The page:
On the surface, this case seems rather mundane. It’s just a question about the citizenship status of individuals. Some may be wondering what the big deal really is. In reality, it’s a very big deal. Census data is used to determine pretty much everything as it pertains to the relationship between the federal government and the states. Grant money, House of Representative seats, and district allocations are among the many changes that will all be determined by the census.

From a purely political perspective, this should be a no-brainer to conservatives. Of course the question should be included. It’s unfair for states who allow a higher level of illegal immigrants to gain more power as a result. These are not voters (at least they’re not supposed to be). It’s idiotic to give states a great incentives to bring in as many illegal immigrants as possible, so if the presence of a censorship question lowers the numbers reported, that’s not a bad thing.

Politically, the citizenship question is a winning play for conservatives.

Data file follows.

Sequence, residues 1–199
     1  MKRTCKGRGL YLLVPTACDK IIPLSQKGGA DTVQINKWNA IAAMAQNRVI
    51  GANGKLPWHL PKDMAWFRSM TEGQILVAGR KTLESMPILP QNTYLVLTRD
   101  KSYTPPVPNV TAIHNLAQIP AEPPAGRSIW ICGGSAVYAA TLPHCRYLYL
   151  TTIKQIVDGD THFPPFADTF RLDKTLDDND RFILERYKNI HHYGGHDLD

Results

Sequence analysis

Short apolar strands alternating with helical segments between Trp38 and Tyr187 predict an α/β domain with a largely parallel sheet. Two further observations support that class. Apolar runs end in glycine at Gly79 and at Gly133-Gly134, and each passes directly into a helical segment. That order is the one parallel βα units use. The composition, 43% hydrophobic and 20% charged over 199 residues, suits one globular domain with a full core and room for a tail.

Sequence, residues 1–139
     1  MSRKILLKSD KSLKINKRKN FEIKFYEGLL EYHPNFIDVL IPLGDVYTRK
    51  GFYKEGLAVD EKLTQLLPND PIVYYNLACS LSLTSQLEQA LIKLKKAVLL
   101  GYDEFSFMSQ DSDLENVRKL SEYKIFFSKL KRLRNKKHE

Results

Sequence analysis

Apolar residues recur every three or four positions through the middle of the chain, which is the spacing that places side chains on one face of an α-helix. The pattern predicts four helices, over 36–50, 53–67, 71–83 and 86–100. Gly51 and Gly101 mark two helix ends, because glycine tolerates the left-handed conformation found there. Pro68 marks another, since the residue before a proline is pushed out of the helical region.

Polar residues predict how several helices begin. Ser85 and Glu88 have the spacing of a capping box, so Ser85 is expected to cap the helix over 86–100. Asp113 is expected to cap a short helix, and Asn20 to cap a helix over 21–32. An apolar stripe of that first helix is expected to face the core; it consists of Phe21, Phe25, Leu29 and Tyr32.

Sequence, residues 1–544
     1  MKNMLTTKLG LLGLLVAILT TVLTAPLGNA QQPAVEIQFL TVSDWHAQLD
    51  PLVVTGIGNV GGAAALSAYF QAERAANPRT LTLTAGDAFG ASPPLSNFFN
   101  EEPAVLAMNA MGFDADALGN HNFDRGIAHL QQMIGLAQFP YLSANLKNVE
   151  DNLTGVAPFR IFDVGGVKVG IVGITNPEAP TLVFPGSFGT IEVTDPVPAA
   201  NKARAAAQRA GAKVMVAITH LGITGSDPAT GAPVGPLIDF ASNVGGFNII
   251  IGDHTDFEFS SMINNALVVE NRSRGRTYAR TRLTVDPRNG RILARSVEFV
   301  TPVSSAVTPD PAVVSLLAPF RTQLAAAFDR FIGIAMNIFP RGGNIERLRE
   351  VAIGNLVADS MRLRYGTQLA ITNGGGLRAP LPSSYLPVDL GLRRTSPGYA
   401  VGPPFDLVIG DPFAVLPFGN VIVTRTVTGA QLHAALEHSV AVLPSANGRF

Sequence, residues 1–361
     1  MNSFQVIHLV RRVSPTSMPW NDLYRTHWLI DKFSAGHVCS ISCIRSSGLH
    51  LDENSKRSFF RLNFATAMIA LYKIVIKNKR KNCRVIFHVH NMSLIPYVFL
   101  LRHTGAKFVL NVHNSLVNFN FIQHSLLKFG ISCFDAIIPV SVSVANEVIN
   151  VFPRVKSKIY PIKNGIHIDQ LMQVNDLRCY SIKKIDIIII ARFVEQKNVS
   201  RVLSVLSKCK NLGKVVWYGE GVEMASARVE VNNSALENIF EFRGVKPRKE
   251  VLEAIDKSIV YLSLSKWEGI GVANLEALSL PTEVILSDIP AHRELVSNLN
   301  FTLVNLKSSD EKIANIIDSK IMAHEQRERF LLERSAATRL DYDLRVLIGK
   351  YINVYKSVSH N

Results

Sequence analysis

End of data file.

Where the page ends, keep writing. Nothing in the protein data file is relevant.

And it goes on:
But here’s the problem. The judiciary is not supposed to be driven by politics. Their job is to interpret the Constitution and the law of the land to determine how it’s to be enforced by the executive branch and whether the legislative branch is in line with the intent of the Constitution through the laws they establish. By those criteria, the Trump administration has a major problem with the citizenship question. The Census Act clearly states Congress is to be given notice of changes to the census three years in advance. They were not. The citizenship question was not part of the original list sent by Commerce Secretary Wilbur Ross in March, 2017. It was sent in the March, 2018 list, but that’s not enough time for Congress to review if we’re going solely based on the letter of the law.